Here at From The Maas, we love to chronicle the exploits of the Olympian Geniuses who populate the marbled halls of the United States Congress. Like all Americans, we stand in awe of the massed intellectual firepower of our legislative world-beaters as they demonstrate daily their administrative prowess and nearly all-consuming attention to detail, all for the purpose of improving the lives of the common American citizen.
Turns out that fantastically long, mind-bogglingly complex bills which no one has actually read may create unintended consequences. Remember how they forgot to require insurers to cover kids with preexisting conditions? Oh, and they forgot initially to let young adults be covered by their parents’ insurance until Reid fixed it in reconciliation. Now this. Who knew that when Pelosi said they’d have to pass the bill so that people could find out what’s in it, “people” meant Congress?
[starts slow clap]
Congratulations, Congress. You’ve outdone yourselves. Why don’t you just take the rest of the year off? Really, you could use a break. And frankly, so could we.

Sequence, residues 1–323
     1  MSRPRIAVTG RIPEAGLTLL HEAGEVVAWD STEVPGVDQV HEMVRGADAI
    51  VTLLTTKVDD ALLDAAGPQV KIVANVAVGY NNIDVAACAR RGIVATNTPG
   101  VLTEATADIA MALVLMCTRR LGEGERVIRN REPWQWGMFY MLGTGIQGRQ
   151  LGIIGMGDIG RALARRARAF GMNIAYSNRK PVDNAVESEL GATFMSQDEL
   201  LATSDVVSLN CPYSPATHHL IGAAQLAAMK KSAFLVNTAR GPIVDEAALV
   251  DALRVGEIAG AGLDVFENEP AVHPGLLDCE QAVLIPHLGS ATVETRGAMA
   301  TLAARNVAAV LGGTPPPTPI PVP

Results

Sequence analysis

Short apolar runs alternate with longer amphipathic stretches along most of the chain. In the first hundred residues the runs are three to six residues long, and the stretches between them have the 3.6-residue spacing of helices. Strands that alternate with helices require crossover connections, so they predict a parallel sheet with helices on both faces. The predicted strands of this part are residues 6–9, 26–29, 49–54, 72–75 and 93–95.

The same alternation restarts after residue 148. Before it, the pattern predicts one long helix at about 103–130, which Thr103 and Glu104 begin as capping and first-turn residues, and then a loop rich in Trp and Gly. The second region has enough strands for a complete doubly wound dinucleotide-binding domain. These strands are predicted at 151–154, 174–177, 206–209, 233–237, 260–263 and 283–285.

President Obama was asked a question in a recent town hall meeting on tax increases in Obamacare. He took 17 minutes to finish his response. Charles Krauthammer manages to dismantle it in about 6 sentences:
I don’t know why you’re so surprised. It’s only nine times the length of the Gettysburg Address, and Lincoln was answering an easier question: the higher purpose of the Union and [of the death of] soldiers who fell in battle.
The president had an easy answer. He could have said: I wanted to make history with health care and to do it, I have to raise your taxes. Sure, it’s not a good time economically in the middle of a recession, but politically, I had to, because I have a majority in Congress and I’m going to lose it in November. End of answer.
Considering that under Obamacare, Congress has asserted that the Interstate Commerce Clause of the Constitution should be interpreted so broadly as to allow Congress the power to require you to engage in commerce, the question arises: What isn’t “interstate commerce”? Is there any area of your life that Congress can’t regulate?
So under present Court precedent and legal doctrine, the Constitution consists of five words: Congress shall have the power. That’s it. That’s all there is. It is difficult to imagine anything further from the intent of the Framers.
It amazes me that we have reached such a low point in American history. How could we have ceded so much of our liberty to our supposedly “limited” government? Never before have I been so anxious about the state of the nation and the future of liberty. I hope and pray that the people still have it within them to rise up and rekindle the spirit of the founding of this country.